Ireland Callingby John Spain
- Abortion reform Irish style - Women still have no rights over their own bodies, continue to travel to the UK for procedure
- We’re total abortion hypocrites - proposals for new legislation were laughable
- Catch 22 for Irish abortion law - navigating Ireland’s rigid, Catholic influence legal framework and Savita Halappanavar’s case
- The late Baroness Margaret Thatcher had her good points
- Letters from the tax man - the mounting cost of Ireland's property tax and running the country
It's not a question that keeps me awake at night -- and I'll explain why in a minute -- but how much should a wife get when she divorces her husband? Half of everything? Or only half of what she helped him earn?
The question is prompted by the blanket coverage given in Ireland over the past few days to the separation of Ronan Keating, the lead singer of the original Irish boyband Boyzone, and his wife Yvonne Connolly, a former model.
There was a protest outside the Dail (Parliament) last week against the cuts in government spending.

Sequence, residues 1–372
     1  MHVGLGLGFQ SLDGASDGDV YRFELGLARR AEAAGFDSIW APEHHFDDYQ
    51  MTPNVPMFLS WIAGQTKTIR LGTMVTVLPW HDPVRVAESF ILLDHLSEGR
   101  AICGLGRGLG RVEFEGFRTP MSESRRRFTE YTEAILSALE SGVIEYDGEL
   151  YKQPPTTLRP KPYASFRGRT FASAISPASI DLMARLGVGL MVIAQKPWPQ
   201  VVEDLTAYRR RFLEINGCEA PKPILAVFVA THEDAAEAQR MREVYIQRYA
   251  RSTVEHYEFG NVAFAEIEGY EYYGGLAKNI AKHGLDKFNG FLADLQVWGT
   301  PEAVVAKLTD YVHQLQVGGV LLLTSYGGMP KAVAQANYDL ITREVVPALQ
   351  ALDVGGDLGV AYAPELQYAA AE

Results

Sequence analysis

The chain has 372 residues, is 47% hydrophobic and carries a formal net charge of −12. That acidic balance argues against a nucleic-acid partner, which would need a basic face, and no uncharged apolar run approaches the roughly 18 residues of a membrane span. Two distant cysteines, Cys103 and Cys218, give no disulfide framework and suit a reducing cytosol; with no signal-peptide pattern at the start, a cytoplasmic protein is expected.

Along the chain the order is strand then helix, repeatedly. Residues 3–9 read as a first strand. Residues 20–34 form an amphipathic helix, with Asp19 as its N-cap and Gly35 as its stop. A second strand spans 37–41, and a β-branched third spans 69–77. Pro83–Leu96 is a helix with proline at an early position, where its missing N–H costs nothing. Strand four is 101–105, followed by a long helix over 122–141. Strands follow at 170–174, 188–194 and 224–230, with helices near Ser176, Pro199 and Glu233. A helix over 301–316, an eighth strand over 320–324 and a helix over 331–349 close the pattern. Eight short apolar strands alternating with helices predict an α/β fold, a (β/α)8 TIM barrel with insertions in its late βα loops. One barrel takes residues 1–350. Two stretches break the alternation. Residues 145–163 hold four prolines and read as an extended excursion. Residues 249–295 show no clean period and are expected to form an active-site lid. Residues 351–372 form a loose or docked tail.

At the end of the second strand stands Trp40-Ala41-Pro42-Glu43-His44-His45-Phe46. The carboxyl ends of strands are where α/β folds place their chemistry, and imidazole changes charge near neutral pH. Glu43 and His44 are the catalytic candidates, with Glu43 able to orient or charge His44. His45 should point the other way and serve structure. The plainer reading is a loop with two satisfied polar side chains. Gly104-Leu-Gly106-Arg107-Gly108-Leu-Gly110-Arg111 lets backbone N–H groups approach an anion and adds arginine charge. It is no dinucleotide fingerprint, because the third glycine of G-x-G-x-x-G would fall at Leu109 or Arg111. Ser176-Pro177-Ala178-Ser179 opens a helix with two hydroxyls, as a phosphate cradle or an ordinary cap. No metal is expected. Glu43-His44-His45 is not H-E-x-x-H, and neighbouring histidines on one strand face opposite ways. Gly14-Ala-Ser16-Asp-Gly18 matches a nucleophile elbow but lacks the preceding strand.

There's nothing unusual in that because protest marches to the Dail are a time honored part of Irish democracy. When people here are upset with the government of the day about something they march on the Dail, make angry speeches and then go off to the pub for a pint or go home to watch their protest on the nightly news.
One of the most disturbing cases ever to be heard by an Irish court came to a conclusion last week when a Dublin teenager called David Curran was given a life sentence for the brutal murder of two Polish men.
The two Poles, Pawel Kalite, 30, and Marius Szwajkos, 29, were both stabbed in the head with a screwdriver by Curran two years ago when he was 17. Despite the fact that Curran (pictured above, right) was just a kid, he was so hyped up on drink and drugs at the time that he was able to kill both men in a few seconds.
In the old days when times were tough, Ireland was sometimes referred to as the place where people kept pigs in the kitchen. Any reference to our pigs in the kitchen tendency was a serious insult, of course.
But these days, it's worse. Never mind pigs in the kitchen. Now we ourselves are being called pigs!